Delbert Belton, known as “Shorty” to his friends, was a veteran of one of the last battles in World War II, on the island of Okinawa. Wounded when he was shot in the leg in that fierce battle, he came home like most veterans of the war, worked hard, raised a family, and probably spoke little about the war except to other veterans.
His life ended tragically last Wednesday when he was beaten to death by two teenage boys in a parking lot outside of an ice arena in Spokane, Washington, where Mr. Belton had lived most of his life, and where he was waiting on a friend to play pool at the Eagles Club. The two teenage boys suspected of murdering Mr. Belton, both 16 years-old, are African-American. A furor was raised around the country when it appeared that the media was not picking up the story, especially in light of the recent Trayvon Martin case, where most of the country was deluged with round-the-clock opinions, facts, non-facts, theories, and arguments about.
Many Americans felt that President Barack Obama should have commented on the senseless death of Mr. Belton, as he did on the death of Mr. Martin.
Unfortunately, but not surprisingly to many Americans, this has become in many people’s eyes a case about race. That the two teenage boys were black seems to have some great weight on the matter, instead of the simple fact that an unarmed elderly man was attacked, robbed, and beaten to death with heavy flashlights in a brutal, and seemingly random act. Mr. Belton did not die until the next day, and one of his friends that found him battered and bleeding in his car said, “I was afraid and I don’t know why but I thought Shorty was afraid at the end and nobody should have to feel like that.”
What adds to the collective anger is the fact that Mr. Belton was a combat veteran. He was a young man in his prime when he fought and survived one of the most devastating war’s in world history. War is bad enough, but at least the odds were somewhat fairer. He was trained, and armed, and had some idea of what to expect, just as the enemy that was trying to kill him did. How could Mr. Belton know that nearly 70 years later, he would again have to fight for his life? But the Spokane Police Department says that is exactly what “Shorty” did: “Our information is that the individual fought back and that may have made this, you know, a worse situation,” said Spokane Police Chief Frank Straub in a press conference Monday morning. “I’m not being critical of Mr. Belton, we certainly encourage individuals to fight back, and he should have. But it shouldn’t have happened to begin with.”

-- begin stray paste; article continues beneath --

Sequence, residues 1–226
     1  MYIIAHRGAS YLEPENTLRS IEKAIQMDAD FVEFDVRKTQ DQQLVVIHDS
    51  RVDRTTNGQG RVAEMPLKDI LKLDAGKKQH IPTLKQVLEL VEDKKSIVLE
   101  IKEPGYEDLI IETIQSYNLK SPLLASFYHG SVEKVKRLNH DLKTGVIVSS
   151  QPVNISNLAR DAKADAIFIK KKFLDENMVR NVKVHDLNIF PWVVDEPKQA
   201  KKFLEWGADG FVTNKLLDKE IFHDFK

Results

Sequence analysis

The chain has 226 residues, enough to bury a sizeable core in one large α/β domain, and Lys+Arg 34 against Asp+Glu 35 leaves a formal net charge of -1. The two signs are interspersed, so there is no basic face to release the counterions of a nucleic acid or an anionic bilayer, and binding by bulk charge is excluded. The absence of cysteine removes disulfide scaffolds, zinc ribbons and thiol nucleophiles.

The police say that the teens, Demetrius Glenn and Kenan Adams-Kinard, chose to rob Mr. Belton because, at only five-feet tall and elderly, he was a “soft target.” They do not believe race was a factor at all. Glenn has quite a juvenile rap sheet already, including arrests for malicious mischief, fourth-degree assault, and riot with a deadly weapon.
This story begs several questions, many of which this author cannot answer, but wonders himself: Why were these teens out looking to rob people? Why didn’t they have jobs or activities to keep them busy? Most importantly, where were their parents? As the father of a teenage son myself, I know that if he ever went out to deliberately hurt anyone, he wouldn’t have to worry about spending the rest of his life in prison, because he would never even make it to his court appearance. At least not walking and breathing on his own.
Another question that has been burning in my brain is this: where was the American media? I am going to include a link to England’s dailymail website, which did an excellent report on this story. If you ask me, it’s pretty pathetic that I had to go to another nation’s news to find out even major details of this tragic story. They also include several photos of Mr. Belton, his family and friends, and the two suspects that most likely have now thrown away their lives.
The absence of the media’s usual exploitation regarding this case does make one wonder if the PC-police have had a hand in keeping it (mostly) under wraps. I’ve perused through several social media boards on Facebook and Twitter regarding the murder of Mr. Belton, and I’ve read the usual hatemongers spewing the typical racist rants, while others fear American youth have all become violent, raging psychopaths that would sooner kill you in some video-game-like trance than look at you. But I haven’t given up hope on our youngsters just yet. And I say that because I look at a man like Mr. Belton and remember that he was once young, and stood up to fight for those who couldn’t fight for themselves, putting his life in harm’s way to make us all safe. What we owe Mr. Belton can never be repaid, but hopefully justice can be done.